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TL;DR

In a hurry? Here's our pick of the top news items of the week.

  • The French Open hopes AI can help tennis players block death threats and other social media hate, often from gamblers. (CDC Gaming)

  • Ben & Jerry’s has stopped advertising on Twitter due what it terms a "proliferation of hate speech" on the platform. For now it will maintain an organic Twitter presence to connect with its community. (Ben & Jerry's)

  • Nike's .Swoosh virtual creations (still in closed beta) will soon be wearable/usable in EA Games titles including FIFA and Madden. This takes NFTs into a new realm and new audiences. (Nike)

  • The DGA and AMPTP reached a tentative deal on a new contract which includes agreement that generative AI cannot replace duties performed by members, and conditions for directors and their teams on Variety and Reality programs made for SVOD. (Deadline)

  • Meta will test blocking news content for some users in Canada in response to the country’s Online News Act. The test is expected to impact 1-5% of the company’s users across Facebook and Instagram, with affected users being unable to see or share news content on the platforms. (The Verge)

_Agency_ updates

  • Our Partnerships team secured multiple collaborations to celebrate the console release of Company of Heroes 3, developed and published by our clients Relic Entertainment and SEGA. Partners included Maglite, History Channel, Wounded Warriors Canada, Airfix, AVerMedia and the Imperial War Museum. Collaborations included sweepstakes, special offers, exclusive History Channel footage, custom Imperial War Museum video content, sponsoring a veteran for an Italian bike ride campaign and more. These activations were amplified by email and website inclusion, paid digital media, influencers, livestream/video podcast marketing, promotion at gaming events, and social media.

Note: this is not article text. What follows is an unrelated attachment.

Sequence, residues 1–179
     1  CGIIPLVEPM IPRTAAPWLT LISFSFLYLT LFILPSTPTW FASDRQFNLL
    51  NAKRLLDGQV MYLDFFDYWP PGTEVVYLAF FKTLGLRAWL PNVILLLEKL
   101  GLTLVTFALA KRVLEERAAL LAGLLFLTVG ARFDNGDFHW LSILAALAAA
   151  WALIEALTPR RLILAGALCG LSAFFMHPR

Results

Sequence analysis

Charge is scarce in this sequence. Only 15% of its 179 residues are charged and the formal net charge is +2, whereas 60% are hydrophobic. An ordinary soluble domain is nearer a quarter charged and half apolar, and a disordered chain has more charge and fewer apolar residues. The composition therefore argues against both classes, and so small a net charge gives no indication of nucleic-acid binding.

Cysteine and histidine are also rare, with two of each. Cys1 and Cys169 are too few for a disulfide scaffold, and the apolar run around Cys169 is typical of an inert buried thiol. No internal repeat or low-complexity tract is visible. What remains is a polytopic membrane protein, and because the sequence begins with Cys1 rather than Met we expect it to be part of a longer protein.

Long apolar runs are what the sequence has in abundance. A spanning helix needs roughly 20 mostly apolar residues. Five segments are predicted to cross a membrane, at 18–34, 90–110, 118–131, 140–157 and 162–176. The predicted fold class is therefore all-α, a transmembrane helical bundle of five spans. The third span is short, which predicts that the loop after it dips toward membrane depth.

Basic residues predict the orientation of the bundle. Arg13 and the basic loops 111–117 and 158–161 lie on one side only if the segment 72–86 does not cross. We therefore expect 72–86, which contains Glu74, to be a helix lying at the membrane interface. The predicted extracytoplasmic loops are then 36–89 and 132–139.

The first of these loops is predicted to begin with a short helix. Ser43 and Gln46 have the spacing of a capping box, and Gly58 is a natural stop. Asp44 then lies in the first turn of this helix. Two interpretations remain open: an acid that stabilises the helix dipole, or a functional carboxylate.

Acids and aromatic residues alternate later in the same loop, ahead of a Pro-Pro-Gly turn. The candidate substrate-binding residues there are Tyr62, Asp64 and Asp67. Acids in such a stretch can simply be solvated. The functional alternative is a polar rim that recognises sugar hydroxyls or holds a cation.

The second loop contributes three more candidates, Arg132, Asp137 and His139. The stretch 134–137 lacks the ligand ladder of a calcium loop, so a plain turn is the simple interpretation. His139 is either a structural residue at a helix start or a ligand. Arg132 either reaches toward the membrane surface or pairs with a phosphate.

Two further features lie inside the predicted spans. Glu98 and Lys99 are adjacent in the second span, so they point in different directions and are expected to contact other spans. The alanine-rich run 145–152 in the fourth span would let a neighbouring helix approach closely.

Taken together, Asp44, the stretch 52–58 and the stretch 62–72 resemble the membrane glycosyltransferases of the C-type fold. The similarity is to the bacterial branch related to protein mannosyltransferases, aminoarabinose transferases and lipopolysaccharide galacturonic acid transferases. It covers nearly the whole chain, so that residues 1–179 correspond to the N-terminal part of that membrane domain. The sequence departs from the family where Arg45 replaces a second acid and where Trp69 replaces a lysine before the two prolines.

_Interesting_ campaigns / creative

  • Match's new outdoor campaign courts emotionally mature daters with "wanted" posters. (The Drum)

  • Red Baron’s timely "pizza sharing" promotion pokes fun at Netflix's password-sharing crackdown. (The Drum)

  • Corona held a 900-minute women’s soccer match to highlight the sport’s 10x gender pay gap. (AdAge)

  • Jimmy Dean placed misspelled ads outside the Scripps National Spelling Bee. (AdAge)

  • Pepsi Max celebrated World Burger Day by hoisting their signage next to leading burger chains’ signs in Australia. (Campaign Brief)

Audiences

  • 1 in 4 Americans, and about 2 in 5 Gen Zers and millennials, would consider moving if the state they lived in issued a ban on an app they regularly use. (Morning Consult)

  • 1 in 10 consumers globally deliberately give a wrong name, email, or phone number when prompted to share such personal data. (GWI)

  • October and November are the best months for sports in the US, with more than 1 in 5 fans watching the most sports content from October to December. (Morning Consult)

  • More than 4 in 5 US social media users trust themselves with their own data — significantly higher than any company or institution. (Morning Consult)

Platforms

  • In Twitter news this week: The platform dropped out of a voluntary EU agreement to combat online disinformation (AP). Increasing the onus on crowdsourced moderation, it launched Community Notes for images in posts (Tech Crunch). Last, its picture-in-picture playback window is now active, letting users continue watching video clips as they scroll through the app (Social Media Today).

  • Apple’s latest version of Safari will add privacy features including the ability to lock your browser window, block trackers, and remove URL trackers. Another addition is the ability to create profiles to sandbox browsing activities (e.g., work vs. personal), which will help keep data and trackers from mixing between each other. (Yahoo)

  • Verizon announced a new bundle combining Netflix’s premium plan and Paramount+, marking the first time the rivals have been bundled together. The limited-time deal will cost $25.99/mo, a 19% discount on the regular price of the two services. (TechCrunch)

  • Texas residents can now opt out of targeted ads thanks to a new privacy bill. (AdWeek)

  • CMOs are reducing search ad budgets and increasing investment in social ads, digital video ads, and influencers. (CMI)